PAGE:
where, a and r denote the acceleration and position; besides, rbf = rb − rf , the subscripts b and f represent the solid wall boundary particles and fluid particles respectively. According to the momentum equation, Eq. (9) can be transformed to

∇ P · r bf = f (g − ab ) · r bf

(10)

For a pair of interacting particles, ∇ P · r bf is equal to the pressure increment along the centerline of boundary particle and fluid particle. Thus, the pressure of boundary particle can be drawn from Pb − Pf = f (g − ab ) · r bf

(11)

by the SPH approximation of Eq. (11), the pressure of boundary particles is expressed as: Pb =



(Pf + f (g − ab ) · r bf )Wbf

(12)

f

Since the boundary particle information can only be obtained through the fluid particles, the normalization of Eq. (12) is always carried out to overcome the defects of boundary, and the final expression of the boundary particle pressure is

Pb =

f

(Pf + f (g − ab ) · r bf )Wbf

f

Wbf

(13)

After obtaining the pressure of boundary particles through Eq. (13), the particle density can be got by solving the Eq. (2): b = 0

P

b

B

1/

+1

(14)

The pressure formula of boundary particles considers not only the influence of the interacting fluid particles, but also the acceleration of the boundary particles themselves. Also, it can be applied to the moving solid boundary.

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Fig. 7. Pressure distribution of a dam break.

Fig. 7 shows the pressure distribution of a benchmark of dam break with the boundary used in this paper. As plotted in the figure, the pressure of boundary particles obtained from the interacting fluid particles shows a good continuity and no disturbance. In this paper, the predictor-corrector method is chosen as the time integration algorithm [58], and the program is paralleled [60]. In order to improve the continuity, the continuity correction of density field is carried out using the moving least squares (MLS) method [17] every 20 steps. The MLS correction satisfies the zeroth order and first order continuity conditions throughout the discrete domain, and has first-order completeness [59]. Although the MLS correction makes the calculation slightly expensive, it can improve the accuracy and stability of the calculation. The flowchart of the SPH program is shown in Fig. 8, where tmax is the maximum time of numerical simulation.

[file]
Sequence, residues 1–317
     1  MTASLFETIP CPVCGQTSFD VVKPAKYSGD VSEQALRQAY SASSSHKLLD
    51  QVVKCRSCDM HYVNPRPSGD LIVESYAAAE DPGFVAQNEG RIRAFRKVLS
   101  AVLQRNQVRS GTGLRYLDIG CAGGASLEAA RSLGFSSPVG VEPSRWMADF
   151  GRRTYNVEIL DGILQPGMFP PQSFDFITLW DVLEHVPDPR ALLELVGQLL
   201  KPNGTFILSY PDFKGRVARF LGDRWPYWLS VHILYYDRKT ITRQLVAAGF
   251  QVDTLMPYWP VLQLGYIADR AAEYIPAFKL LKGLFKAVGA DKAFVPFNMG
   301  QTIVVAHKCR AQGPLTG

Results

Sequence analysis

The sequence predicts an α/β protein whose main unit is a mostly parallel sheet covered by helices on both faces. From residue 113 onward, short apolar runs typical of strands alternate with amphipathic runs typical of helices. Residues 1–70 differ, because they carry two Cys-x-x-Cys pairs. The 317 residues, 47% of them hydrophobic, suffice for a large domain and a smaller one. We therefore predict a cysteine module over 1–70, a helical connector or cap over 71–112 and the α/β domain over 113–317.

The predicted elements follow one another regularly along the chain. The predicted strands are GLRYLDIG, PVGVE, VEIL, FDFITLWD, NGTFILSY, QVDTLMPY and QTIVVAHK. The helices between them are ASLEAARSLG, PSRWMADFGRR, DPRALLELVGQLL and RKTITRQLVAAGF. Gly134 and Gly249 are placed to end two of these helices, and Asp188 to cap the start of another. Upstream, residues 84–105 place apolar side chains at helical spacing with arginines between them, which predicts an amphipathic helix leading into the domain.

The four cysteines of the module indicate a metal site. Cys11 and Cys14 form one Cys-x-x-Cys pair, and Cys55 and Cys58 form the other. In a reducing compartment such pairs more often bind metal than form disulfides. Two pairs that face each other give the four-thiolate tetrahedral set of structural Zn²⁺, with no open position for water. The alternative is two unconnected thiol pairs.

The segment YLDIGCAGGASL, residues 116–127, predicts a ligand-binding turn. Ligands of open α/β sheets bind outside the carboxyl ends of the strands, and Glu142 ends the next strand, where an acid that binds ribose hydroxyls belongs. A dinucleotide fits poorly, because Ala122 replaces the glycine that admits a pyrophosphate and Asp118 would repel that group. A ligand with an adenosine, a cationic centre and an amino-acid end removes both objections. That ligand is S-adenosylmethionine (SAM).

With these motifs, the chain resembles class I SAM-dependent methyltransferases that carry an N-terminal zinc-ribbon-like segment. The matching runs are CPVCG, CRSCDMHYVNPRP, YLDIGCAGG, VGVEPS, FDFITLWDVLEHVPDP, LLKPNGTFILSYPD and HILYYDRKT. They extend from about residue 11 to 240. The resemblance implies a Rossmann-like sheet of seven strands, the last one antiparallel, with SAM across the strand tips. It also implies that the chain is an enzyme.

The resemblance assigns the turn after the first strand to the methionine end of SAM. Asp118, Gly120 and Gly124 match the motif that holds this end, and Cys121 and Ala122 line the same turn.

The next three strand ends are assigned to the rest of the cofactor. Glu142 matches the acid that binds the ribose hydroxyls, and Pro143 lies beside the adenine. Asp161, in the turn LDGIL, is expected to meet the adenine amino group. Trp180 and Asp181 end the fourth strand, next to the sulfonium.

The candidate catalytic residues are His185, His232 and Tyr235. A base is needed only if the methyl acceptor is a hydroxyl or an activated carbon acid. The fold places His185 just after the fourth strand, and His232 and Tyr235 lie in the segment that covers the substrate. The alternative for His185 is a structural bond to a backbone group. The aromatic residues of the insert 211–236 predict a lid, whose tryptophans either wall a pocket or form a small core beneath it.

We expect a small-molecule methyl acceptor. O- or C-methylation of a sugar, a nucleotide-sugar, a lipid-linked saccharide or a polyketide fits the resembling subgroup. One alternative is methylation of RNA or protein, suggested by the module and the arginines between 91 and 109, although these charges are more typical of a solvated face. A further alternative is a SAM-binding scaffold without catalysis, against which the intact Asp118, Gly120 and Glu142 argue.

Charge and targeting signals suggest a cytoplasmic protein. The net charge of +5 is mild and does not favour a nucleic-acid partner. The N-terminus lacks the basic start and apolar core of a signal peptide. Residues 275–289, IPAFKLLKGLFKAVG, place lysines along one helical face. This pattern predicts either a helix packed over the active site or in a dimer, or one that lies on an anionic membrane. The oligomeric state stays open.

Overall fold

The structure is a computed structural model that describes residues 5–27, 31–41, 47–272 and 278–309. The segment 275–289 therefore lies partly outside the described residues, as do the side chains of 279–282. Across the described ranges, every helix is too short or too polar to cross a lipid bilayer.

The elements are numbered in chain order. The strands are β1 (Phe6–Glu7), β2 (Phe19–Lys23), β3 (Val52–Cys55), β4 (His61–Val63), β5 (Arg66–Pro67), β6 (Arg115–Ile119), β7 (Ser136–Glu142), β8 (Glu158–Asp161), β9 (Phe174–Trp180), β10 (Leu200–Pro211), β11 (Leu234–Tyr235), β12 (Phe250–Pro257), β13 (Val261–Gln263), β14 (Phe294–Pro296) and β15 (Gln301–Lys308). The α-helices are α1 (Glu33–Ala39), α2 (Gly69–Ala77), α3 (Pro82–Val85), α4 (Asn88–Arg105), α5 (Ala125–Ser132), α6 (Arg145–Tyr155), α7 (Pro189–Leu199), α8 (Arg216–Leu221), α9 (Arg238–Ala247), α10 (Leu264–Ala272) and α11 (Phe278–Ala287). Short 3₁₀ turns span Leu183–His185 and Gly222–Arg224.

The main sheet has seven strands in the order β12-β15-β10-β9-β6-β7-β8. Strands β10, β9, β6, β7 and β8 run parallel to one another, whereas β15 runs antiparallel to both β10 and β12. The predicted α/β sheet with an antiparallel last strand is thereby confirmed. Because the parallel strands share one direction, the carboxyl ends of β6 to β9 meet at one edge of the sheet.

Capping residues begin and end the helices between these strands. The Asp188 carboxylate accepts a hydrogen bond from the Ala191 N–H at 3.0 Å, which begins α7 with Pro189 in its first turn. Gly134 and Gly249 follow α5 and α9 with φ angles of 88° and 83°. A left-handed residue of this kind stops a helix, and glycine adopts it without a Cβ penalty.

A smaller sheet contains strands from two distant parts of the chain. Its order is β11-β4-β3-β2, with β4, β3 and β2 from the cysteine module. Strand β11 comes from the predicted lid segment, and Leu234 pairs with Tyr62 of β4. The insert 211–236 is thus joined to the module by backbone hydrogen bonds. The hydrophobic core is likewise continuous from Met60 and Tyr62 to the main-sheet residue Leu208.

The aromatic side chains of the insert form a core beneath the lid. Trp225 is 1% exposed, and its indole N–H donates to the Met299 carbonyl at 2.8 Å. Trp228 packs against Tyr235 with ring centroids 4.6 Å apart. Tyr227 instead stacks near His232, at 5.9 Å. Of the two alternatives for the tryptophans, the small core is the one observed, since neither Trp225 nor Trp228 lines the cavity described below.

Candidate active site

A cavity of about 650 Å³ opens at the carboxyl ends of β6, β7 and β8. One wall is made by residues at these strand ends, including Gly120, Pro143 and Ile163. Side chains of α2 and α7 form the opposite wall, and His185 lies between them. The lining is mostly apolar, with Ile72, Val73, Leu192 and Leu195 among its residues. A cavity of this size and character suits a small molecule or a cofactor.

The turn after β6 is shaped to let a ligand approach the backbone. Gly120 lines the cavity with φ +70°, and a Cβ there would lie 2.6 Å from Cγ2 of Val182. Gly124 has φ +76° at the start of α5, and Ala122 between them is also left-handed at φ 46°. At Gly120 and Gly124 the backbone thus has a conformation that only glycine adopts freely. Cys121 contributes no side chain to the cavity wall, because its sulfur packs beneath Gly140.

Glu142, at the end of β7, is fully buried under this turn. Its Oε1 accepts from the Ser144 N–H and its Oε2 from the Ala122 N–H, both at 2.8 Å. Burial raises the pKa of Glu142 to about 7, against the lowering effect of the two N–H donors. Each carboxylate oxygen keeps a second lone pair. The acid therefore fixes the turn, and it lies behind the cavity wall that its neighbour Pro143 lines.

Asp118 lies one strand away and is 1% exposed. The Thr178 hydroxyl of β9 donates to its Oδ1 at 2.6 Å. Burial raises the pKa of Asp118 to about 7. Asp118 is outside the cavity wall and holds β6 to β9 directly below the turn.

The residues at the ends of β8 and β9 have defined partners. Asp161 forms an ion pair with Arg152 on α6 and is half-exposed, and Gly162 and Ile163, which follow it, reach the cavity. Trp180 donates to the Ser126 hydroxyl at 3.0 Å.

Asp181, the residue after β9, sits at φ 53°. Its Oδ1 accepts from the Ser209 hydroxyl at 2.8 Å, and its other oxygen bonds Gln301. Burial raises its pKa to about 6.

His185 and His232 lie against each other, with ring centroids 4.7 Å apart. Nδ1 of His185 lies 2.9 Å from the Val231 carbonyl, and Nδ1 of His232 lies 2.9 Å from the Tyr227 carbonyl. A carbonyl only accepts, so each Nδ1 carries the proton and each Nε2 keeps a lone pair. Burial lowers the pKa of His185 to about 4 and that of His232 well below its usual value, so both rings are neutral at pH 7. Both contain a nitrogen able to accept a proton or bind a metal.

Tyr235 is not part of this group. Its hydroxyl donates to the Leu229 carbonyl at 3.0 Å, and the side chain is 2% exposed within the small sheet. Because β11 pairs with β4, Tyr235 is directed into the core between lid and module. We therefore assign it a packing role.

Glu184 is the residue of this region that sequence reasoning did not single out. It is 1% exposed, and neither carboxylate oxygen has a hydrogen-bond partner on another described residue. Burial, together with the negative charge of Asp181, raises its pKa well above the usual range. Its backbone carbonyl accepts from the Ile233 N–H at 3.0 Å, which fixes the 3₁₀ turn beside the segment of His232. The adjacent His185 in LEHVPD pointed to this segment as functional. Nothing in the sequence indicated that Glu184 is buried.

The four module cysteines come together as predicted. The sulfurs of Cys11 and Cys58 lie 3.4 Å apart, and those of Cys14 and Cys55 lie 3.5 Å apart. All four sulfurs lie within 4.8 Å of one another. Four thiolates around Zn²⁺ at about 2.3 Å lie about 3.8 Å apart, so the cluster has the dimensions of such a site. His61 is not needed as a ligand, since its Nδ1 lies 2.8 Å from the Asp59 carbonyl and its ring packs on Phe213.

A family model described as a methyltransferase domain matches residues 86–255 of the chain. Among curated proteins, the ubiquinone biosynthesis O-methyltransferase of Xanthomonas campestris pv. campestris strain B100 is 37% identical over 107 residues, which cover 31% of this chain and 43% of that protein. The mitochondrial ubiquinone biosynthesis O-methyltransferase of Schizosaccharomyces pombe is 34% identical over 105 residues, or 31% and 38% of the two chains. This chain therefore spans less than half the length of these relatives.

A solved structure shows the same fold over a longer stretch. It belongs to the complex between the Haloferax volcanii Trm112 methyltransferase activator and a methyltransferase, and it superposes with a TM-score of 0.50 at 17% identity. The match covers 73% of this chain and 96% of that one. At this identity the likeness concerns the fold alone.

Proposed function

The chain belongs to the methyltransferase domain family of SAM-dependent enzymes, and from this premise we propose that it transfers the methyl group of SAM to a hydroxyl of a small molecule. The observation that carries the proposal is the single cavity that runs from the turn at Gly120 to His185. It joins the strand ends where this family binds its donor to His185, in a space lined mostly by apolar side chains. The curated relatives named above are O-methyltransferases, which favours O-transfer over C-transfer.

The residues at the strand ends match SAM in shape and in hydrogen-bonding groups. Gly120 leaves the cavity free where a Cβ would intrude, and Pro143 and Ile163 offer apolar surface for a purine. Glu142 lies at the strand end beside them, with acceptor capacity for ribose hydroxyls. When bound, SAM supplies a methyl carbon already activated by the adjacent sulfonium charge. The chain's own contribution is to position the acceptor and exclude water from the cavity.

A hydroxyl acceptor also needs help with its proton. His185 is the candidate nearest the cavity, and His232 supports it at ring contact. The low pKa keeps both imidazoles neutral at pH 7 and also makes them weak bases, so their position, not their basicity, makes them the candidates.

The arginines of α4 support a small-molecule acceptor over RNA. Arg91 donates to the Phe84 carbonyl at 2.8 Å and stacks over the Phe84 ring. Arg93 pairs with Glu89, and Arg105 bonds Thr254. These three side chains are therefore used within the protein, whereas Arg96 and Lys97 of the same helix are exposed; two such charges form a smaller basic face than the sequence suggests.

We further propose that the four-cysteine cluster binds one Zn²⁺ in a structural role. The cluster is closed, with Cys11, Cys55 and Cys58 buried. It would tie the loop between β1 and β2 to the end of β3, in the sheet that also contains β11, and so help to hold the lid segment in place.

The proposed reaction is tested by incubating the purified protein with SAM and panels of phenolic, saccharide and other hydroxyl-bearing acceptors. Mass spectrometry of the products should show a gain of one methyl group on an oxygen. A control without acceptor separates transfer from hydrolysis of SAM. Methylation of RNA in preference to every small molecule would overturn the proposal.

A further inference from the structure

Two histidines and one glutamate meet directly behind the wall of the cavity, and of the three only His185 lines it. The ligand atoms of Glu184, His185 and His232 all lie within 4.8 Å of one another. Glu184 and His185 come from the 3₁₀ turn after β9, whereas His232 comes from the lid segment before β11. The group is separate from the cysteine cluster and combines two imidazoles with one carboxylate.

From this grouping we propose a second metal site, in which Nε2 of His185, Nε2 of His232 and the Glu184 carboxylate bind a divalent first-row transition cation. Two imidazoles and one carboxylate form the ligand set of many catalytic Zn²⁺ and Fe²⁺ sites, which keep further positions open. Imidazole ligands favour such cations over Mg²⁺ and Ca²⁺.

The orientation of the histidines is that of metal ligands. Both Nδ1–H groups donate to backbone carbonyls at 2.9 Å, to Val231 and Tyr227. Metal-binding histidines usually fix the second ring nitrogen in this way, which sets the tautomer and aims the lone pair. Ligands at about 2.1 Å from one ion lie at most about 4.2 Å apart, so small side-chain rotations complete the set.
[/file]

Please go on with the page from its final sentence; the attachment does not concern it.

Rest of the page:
3. Results and discussions The researches of liquid sloshing in tanks are always focused on the impact pressure on the tank, the influences of internal structures, the coupling problems of multi-degrees of freedom and so on. Therefore, the following three models are chosen to validate the numerical methods in this paper. The distribution of the particles in the computational models is uniform. In the two-dimensional models, the particle spacing is dx = 0.005 m and the smoothing length is h = 1.23dx. A constant time step dt = 4 × 10−5 s is employed. In the three-dimensional models, the particle spacing is dx = 0.01 m and the smoothing length is h = dx. A constant time step dt = 8 × 10−5 s is adopted. The tanks are partially filled with water and the effects of air and structural deformation are not considered in the simulation. For a given rectangular tank partially filled with water, its natural frequency is ωn2 = g(n/L) tanh(n(D/L), where, Land D represents the width of the tank and the depth of the liquid; n is the modulus. ω1 (n = 1) is the first order natural frequency, namely the lowest natural frequency. The liquid sloshing violently at the lowest natural frequency and the maximum impact pressure also occurs around this frequency. 3.1. Rolling motion of a rectangular tank In this case, the rolling motion of a rectangular tank is studied, as shown in Fig. 9. The tank model is the same as Akyildiz’s [6] experimental model: the rectangular tank has a length of L = 0.92 m, a height of H = 0.62 m, a liquid depth of D = 0.25 H, and thus the lowest natural frequency is ω1 = 4.025 rad/s. The external excitation is  =  0 sin(ωr t), where  0 is the angular displacement and ωr is the circular frequency of the rolling motion. The rolling axis is located